Civilians, Corps of Cadets celebrate commemorative jewelry marking centennial of university tradition
Norwich University’s ring tradition marks its centennial with the Class of 2023, and Tuesday a rite for the rite — ring reveals — returned in person after a COVID-19 hiatus. (Rite makes rite, right?)
The Corps of Cadets revealed its 2023 class ring design in a Tuesday ceremony at Plumley Armory. The civilian students displayed their ring design for several hours Tuesday in the Wise Campus Center “fishbowl” lounge.
“We wanted something to represent COVID, because of how difficult it was for us, how it was unexpected and a challenge.” Renata De Paiva, Civilian Ring Committee, class of 2023
The 2023 civilian ring design includes images of campus’s Class of 1959 Bridge, symbolic for connecting Corps students with their civilian counterparts, and two images of COVID-19 resilience — a phoenix rising from the pandemic’s proverbial ashes and clouds passing as the pandemic’s peak (and related restrictions and in-room quarantines) passed. There’s also a quote from the rings received by the 2023 students’ Guardian Class, 1973, “In ourselves our future lies,” reflecting personal individuality and collective I Will Try spirit.
Nolan Bohac, a Class of 2023 civilian student studying cybersecurity and information assurance was talking rings at the campus center Tuesday with classmate Renata De Paiva, a member of the Class of 2023 Civilian Ring Committee.
Bohac said he’d heard rumors about how the ring would look, but was pleasantly surprised by the final design. De Paiva said some students were surprised that the phoenix wasn’t an eagle.
“We wanted something to represent COVID, because of how difficult it was for us, how it was unexpected and a challenge,” said De Paiva, a computer science major from Brazil. “At first, we had a biohazard symbol, but that was a little too much, so we changed it to the clouds … which were blocking the sunlight for a bit but were going to go away. The phoenix is like a new life … starting over.”
The 2023 Corps of Cadets ring, meanwhile, prominently features a compass rose with 1923 in it, signifying the tradition’s centennial and the class’s many hailing places and future directions. The class’s ring description noted that the compass fit particularly after the coronavirus pandemic scattered students in 2020 and 2021.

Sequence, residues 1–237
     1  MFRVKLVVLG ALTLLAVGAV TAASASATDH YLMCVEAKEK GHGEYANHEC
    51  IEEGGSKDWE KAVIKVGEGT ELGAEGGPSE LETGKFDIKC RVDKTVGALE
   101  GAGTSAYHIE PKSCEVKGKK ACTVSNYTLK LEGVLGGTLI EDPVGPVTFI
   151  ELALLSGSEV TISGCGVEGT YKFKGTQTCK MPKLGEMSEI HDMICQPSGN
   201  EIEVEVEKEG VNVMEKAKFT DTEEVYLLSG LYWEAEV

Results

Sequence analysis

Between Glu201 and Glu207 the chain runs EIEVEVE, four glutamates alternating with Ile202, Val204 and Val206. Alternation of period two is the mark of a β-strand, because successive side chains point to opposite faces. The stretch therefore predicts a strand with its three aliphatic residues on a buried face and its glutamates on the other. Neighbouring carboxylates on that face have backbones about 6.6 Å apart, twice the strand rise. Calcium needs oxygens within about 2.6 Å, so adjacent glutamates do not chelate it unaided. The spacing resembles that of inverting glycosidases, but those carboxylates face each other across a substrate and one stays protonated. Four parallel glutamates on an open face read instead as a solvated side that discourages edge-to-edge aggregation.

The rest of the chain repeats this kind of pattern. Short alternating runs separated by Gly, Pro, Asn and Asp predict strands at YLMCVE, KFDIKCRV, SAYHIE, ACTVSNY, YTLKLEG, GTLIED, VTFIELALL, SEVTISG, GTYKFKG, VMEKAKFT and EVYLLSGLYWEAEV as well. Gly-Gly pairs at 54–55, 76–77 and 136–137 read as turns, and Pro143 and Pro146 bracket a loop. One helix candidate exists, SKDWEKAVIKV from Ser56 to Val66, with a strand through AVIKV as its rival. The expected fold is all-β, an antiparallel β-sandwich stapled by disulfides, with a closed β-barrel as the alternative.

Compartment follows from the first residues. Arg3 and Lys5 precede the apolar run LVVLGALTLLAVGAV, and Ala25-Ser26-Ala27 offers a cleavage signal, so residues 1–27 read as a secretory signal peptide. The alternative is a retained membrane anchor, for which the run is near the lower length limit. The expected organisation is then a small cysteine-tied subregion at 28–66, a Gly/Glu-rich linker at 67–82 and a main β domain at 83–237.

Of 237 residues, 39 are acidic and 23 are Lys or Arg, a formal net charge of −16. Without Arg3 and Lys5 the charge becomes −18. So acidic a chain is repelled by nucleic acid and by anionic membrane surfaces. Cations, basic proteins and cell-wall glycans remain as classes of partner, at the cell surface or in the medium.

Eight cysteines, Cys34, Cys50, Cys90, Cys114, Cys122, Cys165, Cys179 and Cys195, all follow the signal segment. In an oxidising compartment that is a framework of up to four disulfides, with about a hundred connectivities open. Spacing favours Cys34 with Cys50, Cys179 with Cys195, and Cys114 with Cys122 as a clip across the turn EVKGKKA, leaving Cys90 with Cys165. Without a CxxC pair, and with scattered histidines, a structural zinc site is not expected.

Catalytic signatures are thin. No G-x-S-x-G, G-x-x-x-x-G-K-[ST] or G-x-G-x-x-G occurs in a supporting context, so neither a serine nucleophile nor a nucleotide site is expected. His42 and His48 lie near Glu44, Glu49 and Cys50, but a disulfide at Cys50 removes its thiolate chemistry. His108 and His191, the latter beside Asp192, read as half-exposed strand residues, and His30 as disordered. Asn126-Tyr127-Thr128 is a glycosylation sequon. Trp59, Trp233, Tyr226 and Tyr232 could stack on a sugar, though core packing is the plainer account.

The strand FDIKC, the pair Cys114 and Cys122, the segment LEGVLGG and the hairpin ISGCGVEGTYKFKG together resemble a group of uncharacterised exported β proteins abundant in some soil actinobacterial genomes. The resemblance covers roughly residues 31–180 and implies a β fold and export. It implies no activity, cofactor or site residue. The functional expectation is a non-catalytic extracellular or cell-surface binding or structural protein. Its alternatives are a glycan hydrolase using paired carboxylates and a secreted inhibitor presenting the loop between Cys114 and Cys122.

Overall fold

The design also features a deer, (also on Vermont National Guard uniform patches), to represent Vermont’s pristine nature and divine tranquility. The deer’s antlers have five points, one for each rook company, and symbolize regeneration and change. As they mature, deer shed their antlers and grew new ones.
The 2023 Corps ring features the initials “J.A.” for James C. “Jack” Abare ’57, who for decades hosted the Rook Dining Out picnic at the Northfield, Vermont, farm. The 2023 rook class was the last to attend Rook Dining Out before Abare died in February 2020. The ring also has two stars, one each for now-President Emeritus Richard W. Schneider and current President Mark Anarumo.
Allison Sturgeon, a criminal justice major contracted with the U.S. Marine Corps, said she and her fellow Corps Ring Committee members weren’t sure how their classmates would receive the deer image. But Tuesday night’s reaction, she said, was electric and positive.
“It was an explosion of emotion and excitement,” Sturgeon said. “People were jumping up and down … cheering, hugging each other. One kid even put his hand over his mouth, he was so, like, ‘Oh my gosh.’”
“It was an explosion of emotion and excitement,” Sturgeon said. “People were jumping up and down … cheering, hugging each other.” Allison Sturgeon, Corps of Cadets Ring Committee, Class of 2023
Juliana Paddock, another Corps Ring Committee member with a dual criminal justice-psychology major and U.S. Army ROTC member said a special video projected before the reveal had a countdown clock and a bouncing spotlight. The light shifted around the design, revealing different areas, before settling to reveal everything.
“People were ecstatic,” she said, describing her classmates’ reaction. “It was really cool just to share that with everyone.”
Gathering to celebrate the ring was as satisfying as revealing it was exciting, Sturgeon said.
“It was a really good thing for us, just coming off COVID and still dealing with masks and everything,” Sturgeon added, “It was a good night, it was a sense of normalcy and going back to what it used to be like before.”
(Slideshow images of Corps of Cadets Ring Reveal by Norwich University Corps of Cadets.)
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